It’s like “The Dark Knight Rises”. Don’t shove the wrong story into the wrong milieu.

Pulling Up Stakes Part 2 by Peter David

My review of the first one, you can find here. The first part had more whiz-bang stuff, but a lot more info-dumping. This one is the reverse: less whiz-bang, more plot. My big problem is that there’s not much mystery — everything that they think is happening (who the bad guys are, what their plot is), turns out to be what is happening. No third act twist.

The ending appears to be setting up for a series, which I’m just not into. Not in this genre (urban fantasy). There’s just something about it which makes the story feel “not so important”.

Gone Girl by Gillian Flynn

I wasn’t sure I’d be into this book at first. My mom didn’t care for it, and my tastes run alongside hers.

At first it felt like hipster reading. The language was so clever you could feel it was in love with itself. But the story itself is mundane. Just a boy and a girl having marital problems.

So why couldn’t I stop reading it?

I’m not sure where it got me. It must have been some time in Amy’s diary entries where she’s talking about dating in Manhattan, where she’s dating Nick and talking about “monkey husbands”. It sounded like a girl I could like, and a boy I could sympathize with.

But all the women love having uber amounts of sex and speak vulgarly. I know my experiences are limited, but I just don’t know any women like that. I don’t know any women who know women like that. Are they out there? Is there anyone like in this book? Everyone’s acting like they do in Sex and the City but it’s played for farce in there. No woman’s ever asked me to “fuck them”.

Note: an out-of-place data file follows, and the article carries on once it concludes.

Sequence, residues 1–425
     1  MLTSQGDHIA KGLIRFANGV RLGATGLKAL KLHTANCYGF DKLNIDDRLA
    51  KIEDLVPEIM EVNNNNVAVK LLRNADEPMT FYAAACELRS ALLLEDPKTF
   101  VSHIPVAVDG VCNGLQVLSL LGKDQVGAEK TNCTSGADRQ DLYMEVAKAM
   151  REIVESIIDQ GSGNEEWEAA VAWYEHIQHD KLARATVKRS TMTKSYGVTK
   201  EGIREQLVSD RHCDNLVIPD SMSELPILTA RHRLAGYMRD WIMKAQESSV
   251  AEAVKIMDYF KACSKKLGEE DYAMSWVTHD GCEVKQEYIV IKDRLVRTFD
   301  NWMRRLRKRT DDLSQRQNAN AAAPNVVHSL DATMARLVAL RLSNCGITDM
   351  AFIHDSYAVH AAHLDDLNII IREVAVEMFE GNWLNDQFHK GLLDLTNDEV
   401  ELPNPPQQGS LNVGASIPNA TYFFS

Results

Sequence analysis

Here’s the other thing. I read that the author tried to make it ambiguous to the reader whether the man was actually the killer or not in the first half, as in all the other “Lifetime movie/Sleeping with the Enemy” scenarios. I never got that part, so I never figured Nick was the killer/kidnapper. I read part one completely straight — a man trying to keep his name clear when the world’s out to get him.

At a certain point it started reminding me of those shows like “Revenge” and “Damages” and “Pretty Little Liars” that are all intrigue and scandal but never reach a resolution. They’re soap operas. This one has a resolution, but it also has the amazing coincidences of the characters needing to be who they are (good thing her stalker, who always denied being a stalker, was really her stalker, and happened to be rich and have an isolated place on the lake) and do what they do when needed.

Not to mention what does she hope to gain from all this rigmarole when it gets to the end? I know she’s a sociopath, so she might not be thinking straight. But she seems to have a plan for everything else. She’s now pregnant and forced herself into staying married because…. yay? (I’m not really sure about that sperm thing — medical doctors are sticklers for property and my wife can’t even call in the credit card number for which we’re both on the account). Gone Girl? Yeah, more like gone in the head.